Garvey played first base almost exclusively throughout his 19 year Major League Baseball career. But Monday night, he may have been wishing for catcher’s gear. When asked why he hasn’t yet released policy specifics, Garvey spoke in generalities, saying that he was taking "strong positions" instead of getting granular.

Of the four candidates on stage, Garvey was most frequently asked by both the moderators and his fellows alike to clarify his responses, clarify his positions and to answer questions he tried to maneuver around.

Or, as Porter put it when Garvey deflected on if he would vote for Donald Trump again in the 2024 presidential election: "Well California, I think what they say is true. Once a dodger, always a dodger,

Garvey refused to clarify, insisting that his vote is a "personal choice" while insisting that America was safer under Trump than President Joe Biden. ("I heard it said that Trump was terrible for the world," Garvey said. "Yeah, he was," Lee sniped.)

He did, however, go on the defensive, accusing his opponents of playing "identity politics" and "trying to paint [him] in a corner."

"You’re banging on that trash can just like the Astros did a few years ago," he said, referencing the Houston team's 2017 cheating scandal to audible groans.

Schiff pushed back, arguing that Trump’s foreign policy plans included attempting to peel away from the NATO alliance and developing relationships with strongman dictators.

"Can you imagine what would have taken place if Trump was president when Putin invaded and Ukraine needed our help?" he said. "There is no stretch of the imagination, no scenario, no whatever, in which we would be safer."

Schiff continued his strategy of standing against Trump and far-right Republicans, while also arguing that he has a "record of getting things done."

In a group of candidates with a mind for policy specifics (and, as Schiff described Garvey, "a hell of a ballplayer"), Schiff may have taken the most time pushing details in his responses — rolling out tax incentives for affordable housing, developing wrap-around services for people who are unhoused and need assistance, impressing the need for surging personnel to ease pressure in immigration proceedings, and bragging about his record of prosecuting oil companies while discussing his climate bonafides.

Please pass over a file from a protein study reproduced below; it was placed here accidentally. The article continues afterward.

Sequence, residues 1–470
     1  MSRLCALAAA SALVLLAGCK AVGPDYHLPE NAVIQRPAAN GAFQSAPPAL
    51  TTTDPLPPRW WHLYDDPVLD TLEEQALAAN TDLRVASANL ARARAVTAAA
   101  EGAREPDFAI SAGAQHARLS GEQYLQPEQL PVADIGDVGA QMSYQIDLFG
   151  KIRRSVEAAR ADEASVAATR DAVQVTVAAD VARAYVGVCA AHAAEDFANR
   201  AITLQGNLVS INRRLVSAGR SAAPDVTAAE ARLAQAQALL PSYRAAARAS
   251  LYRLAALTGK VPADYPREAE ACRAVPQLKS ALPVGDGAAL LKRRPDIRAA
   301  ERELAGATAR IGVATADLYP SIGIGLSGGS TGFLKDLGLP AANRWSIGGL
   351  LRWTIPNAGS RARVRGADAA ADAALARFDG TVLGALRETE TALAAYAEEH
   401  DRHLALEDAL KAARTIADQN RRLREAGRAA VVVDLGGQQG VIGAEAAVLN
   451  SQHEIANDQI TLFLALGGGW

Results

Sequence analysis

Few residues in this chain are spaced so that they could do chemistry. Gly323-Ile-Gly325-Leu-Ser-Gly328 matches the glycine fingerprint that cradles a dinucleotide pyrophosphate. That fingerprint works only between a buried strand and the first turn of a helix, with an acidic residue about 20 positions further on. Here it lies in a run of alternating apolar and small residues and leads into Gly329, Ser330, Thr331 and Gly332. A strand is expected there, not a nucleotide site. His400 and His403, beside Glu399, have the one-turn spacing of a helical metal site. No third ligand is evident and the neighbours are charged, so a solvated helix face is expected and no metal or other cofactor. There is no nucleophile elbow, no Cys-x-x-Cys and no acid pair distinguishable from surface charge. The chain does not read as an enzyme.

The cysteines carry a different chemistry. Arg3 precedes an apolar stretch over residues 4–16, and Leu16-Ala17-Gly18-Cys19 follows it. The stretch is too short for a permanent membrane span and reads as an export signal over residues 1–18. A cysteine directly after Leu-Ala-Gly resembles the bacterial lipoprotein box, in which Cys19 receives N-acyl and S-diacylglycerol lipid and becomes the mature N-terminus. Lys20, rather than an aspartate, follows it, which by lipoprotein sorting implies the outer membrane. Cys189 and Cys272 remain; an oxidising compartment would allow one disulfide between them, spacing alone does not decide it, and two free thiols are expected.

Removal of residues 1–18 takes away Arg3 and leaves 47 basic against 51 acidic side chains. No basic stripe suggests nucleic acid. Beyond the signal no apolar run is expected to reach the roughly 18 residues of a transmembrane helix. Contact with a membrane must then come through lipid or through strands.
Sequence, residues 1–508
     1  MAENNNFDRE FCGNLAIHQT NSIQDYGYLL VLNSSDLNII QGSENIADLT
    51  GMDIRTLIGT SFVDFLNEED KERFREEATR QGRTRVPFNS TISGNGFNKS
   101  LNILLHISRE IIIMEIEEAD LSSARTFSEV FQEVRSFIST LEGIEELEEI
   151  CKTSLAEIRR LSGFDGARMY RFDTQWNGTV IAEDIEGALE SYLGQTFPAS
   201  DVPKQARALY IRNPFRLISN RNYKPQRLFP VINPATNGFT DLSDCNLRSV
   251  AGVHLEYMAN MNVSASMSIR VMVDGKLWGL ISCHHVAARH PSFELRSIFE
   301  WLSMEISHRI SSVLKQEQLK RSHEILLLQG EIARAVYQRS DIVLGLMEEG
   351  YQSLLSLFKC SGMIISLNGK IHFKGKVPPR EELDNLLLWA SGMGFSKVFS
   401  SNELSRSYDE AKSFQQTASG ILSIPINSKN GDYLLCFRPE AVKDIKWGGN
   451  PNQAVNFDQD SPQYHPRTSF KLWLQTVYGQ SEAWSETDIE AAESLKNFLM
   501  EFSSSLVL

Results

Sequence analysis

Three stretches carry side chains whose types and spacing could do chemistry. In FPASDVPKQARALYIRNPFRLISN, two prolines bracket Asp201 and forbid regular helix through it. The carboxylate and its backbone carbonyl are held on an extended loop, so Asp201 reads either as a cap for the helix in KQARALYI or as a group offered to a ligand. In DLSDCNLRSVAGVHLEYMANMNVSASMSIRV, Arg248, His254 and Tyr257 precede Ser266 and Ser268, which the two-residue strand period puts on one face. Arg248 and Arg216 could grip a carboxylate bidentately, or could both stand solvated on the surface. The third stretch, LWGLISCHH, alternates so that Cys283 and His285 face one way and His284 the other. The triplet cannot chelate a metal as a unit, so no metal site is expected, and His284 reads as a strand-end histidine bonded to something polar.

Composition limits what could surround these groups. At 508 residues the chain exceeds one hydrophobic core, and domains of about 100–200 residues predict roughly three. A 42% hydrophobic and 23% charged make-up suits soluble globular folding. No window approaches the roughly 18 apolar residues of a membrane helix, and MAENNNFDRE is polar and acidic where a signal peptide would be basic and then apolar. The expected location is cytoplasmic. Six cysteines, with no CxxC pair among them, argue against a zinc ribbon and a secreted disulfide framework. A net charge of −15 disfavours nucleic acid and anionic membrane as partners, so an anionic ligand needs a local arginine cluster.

That was Porter’s opening to poke at the frontrunner.

"Rep. Schiff may have prosecuted big oil companies before he came to Congress," Porter said. "But when he got to Congress, he cashed checks from companies like BP, from fossil fuel companies. I have delivered results on climate in my few years in Congress," referring to legislation raising rates on polluters that signed into the Inflation Reduction Act.

"First of all, I gave that money to you Katie Porter, and all I heard was thank you," Schiff replied.

"I didn't realize how much dirty money you took until I was running against you," Porter fired back.

Washington, Porter said repeatedly, is "broken" — throughout her responses, Porter struck at corporate lobbying of Congress, and how the practice affects everyday Americans. "We have housing policy that is being written by career politicians who cater to their big bank donors," she said. "What we need is housing policy that works for us, housing policy that is centered on our needs…and we are not going to get there if we let Wall Street write our housing policy."

Porter adopted "Shake Up the Senate" as her campaign tagline, and she positioned herself as a fresh, yet experienced, face. She knocked her longer-tenured colleagues for having victories in certain spaces (like housing) "decades and decades ago," and decried earmarks (or "directed spending requests") as tools for corruption.

"Earmark is just a fancy word for Washington politicians substituting their personal interests…for what our needs are," she said. "We know that Congressman Schiff hasn’t solved homelessness in L.A., and Congresswoman Lee hasn’t solved the challenges in Oakland. It’s going to take more than earmarks to do that."

Lee said that it would be a "dereliction of duty to my constituents if I did not fight for every single dollar that I could find," and that earmark programs may not have solved every problem, but they’ve "filled in the gaps," providing healthcare for communities of color, shelters for LGBTQ+ youth, and housing nonprofits that don’t have the money to write proposals. "So I’ll support earmarks in the Senate and bring home as much money, federal dollars, to California as I can."

California's primary election takes place on March 5, with vote-by-mail ballots expected to arrive in mailboxes the first week of February.